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MacBooks forum


Problem with 15'' MBP screen. please help!

by ilamprinos / July 22, 2011 2:55 PM PDT

Hi everyone,

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All Answers

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Those photos show
by Jimmy Greystone / July 22, 2011 10:19 PM PDT

Those photos show what's called the Mura effect, or just mura. Usually that is a display failure, but you are potentially in luck. Take the laptop to an AASP or Apple store, and tell them to run the nVidia graphics chip test on it. Tell them to look up KB article TS2377 if they aren't familiar with it. You can look that up yourself, and see the basic info about the program. Service providers will see additional info about how to test and process things if your system indeed fails the test.

If it does fail, this is a special recall program so do not let them charge you for it. Apple will pay labor to the ASP so they aren't allowed to charge you anything unless you want to pay for an expedited repair. It will involve having your laptop's logic board replaced, because yours was made during the time when nVidia was trying to cover up the fact that it was producing a lot of defective graphics chips, in particular the infamous 8800GT which is most likely in your system.

You can give that a shot, and with luck it will fix the problem. If not, then it would be that your display is starting to fail. Assuming your laptop is out of any kind of warranty coverage, if there's no obvious accidental/abuse damage beyond normal wear, the system may qualify for Apple's flat rate repair service which is about $310 to fix anything and everything that's wrong. If there's any kind of accidental/abuse damage, particularly to the display assembly, then you may as well buy a new computer. The display panel would kick it to the highest repair tier which would be about $1300 or more. For a laptop going on 4 years old, the flat rate would be borderline whether or not it's worth it, the $1300 would definitely not be worth it.

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by ilamprinos / July 24, 2011 3:10 AM PDT
In reply to: Those photos show

Thanks, that was super useful, my MPB is definitely within the criteria, this could be the issue. Again, thanks for this. I will try my luck tomorrow.

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Those photo's show
by SandyJacs / July 24, 2011 5:47 PM PDT
In reply to: Those photos show

Thank you so much for that info, I have the same issues and the same laptop model. Much appreciated...


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by ilamprinos / July 24, 2011 7:22 PM PDT
In reply to: Those photos show

I checked with an AASP and that was not the issue. It was the lcd panel which needs replacing....

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Then consider the flat rate repair option
by Jimmy Greystone / July 24, 2011 11:21 PM PDT
In reply to: :(

Then consider the flat rate repair option, which is really your only choice IIRC. There's a part constraint on your particular model's display panel and they HAVE to be sent to one of Apple's depots for repair.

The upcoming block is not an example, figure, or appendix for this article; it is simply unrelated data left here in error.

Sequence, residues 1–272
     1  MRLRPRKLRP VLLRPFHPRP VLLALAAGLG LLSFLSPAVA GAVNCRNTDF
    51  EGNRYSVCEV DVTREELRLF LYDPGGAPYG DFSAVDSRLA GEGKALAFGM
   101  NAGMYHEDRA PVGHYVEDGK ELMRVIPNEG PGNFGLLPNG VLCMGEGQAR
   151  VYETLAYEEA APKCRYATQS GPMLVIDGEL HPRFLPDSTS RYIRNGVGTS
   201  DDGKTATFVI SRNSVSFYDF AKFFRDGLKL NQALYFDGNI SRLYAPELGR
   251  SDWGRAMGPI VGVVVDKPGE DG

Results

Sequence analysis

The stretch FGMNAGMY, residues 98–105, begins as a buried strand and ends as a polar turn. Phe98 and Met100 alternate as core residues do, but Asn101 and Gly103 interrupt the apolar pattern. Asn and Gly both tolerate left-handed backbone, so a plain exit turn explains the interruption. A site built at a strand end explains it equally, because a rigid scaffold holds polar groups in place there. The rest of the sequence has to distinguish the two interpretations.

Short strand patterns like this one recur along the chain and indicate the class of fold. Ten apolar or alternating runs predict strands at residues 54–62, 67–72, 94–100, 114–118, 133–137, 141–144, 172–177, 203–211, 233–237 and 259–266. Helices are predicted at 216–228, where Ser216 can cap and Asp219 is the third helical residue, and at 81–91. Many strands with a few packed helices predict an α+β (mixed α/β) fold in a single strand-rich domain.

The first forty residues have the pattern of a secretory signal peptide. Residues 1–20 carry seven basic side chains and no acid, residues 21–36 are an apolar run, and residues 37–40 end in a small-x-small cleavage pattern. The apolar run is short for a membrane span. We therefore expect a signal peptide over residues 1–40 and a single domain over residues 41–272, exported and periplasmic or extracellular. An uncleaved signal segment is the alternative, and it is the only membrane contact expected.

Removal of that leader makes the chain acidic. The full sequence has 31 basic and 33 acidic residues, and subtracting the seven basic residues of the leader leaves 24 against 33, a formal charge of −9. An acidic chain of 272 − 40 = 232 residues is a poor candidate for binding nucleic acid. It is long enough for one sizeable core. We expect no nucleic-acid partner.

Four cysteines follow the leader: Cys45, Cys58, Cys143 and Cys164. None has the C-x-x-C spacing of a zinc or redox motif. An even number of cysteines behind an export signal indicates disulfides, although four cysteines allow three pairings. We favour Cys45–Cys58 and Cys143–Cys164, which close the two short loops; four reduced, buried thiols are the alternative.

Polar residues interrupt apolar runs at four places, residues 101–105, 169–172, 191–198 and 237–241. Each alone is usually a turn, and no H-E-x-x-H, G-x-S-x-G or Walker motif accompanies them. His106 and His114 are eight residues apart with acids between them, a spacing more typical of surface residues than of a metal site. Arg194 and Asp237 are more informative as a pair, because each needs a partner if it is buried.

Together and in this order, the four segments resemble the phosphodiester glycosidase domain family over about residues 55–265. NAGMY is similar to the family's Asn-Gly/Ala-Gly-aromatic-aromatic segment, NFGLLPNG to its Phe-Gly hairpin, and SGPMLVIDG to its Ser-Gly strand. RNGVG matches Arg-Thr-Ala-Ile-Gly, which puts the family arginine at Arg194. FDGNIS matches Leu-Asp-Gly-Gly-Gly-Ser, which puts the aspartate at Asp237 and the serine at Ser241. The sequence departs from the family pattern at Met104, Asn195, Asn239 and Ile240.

Take it to an Apple store, get them to look it over for a flat rate quote. Granted the depots are not actually run by Apple, so they kind of do their own thing a lot of the time, but if you get someone at an Apple retail store to say it should pass muster, you have a much better chance of arguing down any attempts to requote the repair. Just make sure they actually generate a case number at the retail store, and write it down. The retail stores are notoriously bad about that. Drives me nuts when someone says they took a system into an Apple store, who said it was this or that, and I go to look up the history and find there is none. So now I have to duplicate all that effort because of some lazy git at the retail store who couldn't take 5 minutes to write down some notes. And without that case number, there's no official record of anyone having ever looked at your computer, so it becomes a he said she said kind of affair, which you will likely lose. So, be sure to not leave the store until the person who does a cosmetic check of your computer writes something down in a case log, and gives you the number. Might not even hurt to then call Apple's main support line before leaving the general area, give them the case number, and ask them to relay back the gist of the notes. If it's not what the person in the store said, march back in and make them do it over again. Repeat as necessary until you get the proper results.

And yes, I like making life a little difficult for the retail stores sometimes. They make life difficult for me, especially when they screw up a diagnosis, so I return the favor by telling people like you how to work the system, which I'm sure they don't care for, but also can't do anything about.

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Not in US
by ilamprinos / July 25, 2011 12:07 AM PDT

I would if I lived in the US. I am stuck in a country where Apple is only present through an AASP which quoted 600 euros (850 USD) for a new panel. Not good, not good.

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In that case
by Jimmy Greystone / July 25, 2011 11:17 AM PDT
In reply to: Not in US

In that case, I'd be looking for a new laptop. The now discontinued MacBook might be a good option. It's only a little more than the repair cost for what you have, and should be quite a bit better overall. Smaller screen, but everything else should be better about it. And now that it's a discontinued model, you can probably find some good closeout prices on it. Don't worry about support though, Apple will be stocking parts for those for at least the next 5 years. Well, four years and about 360 days anyway.

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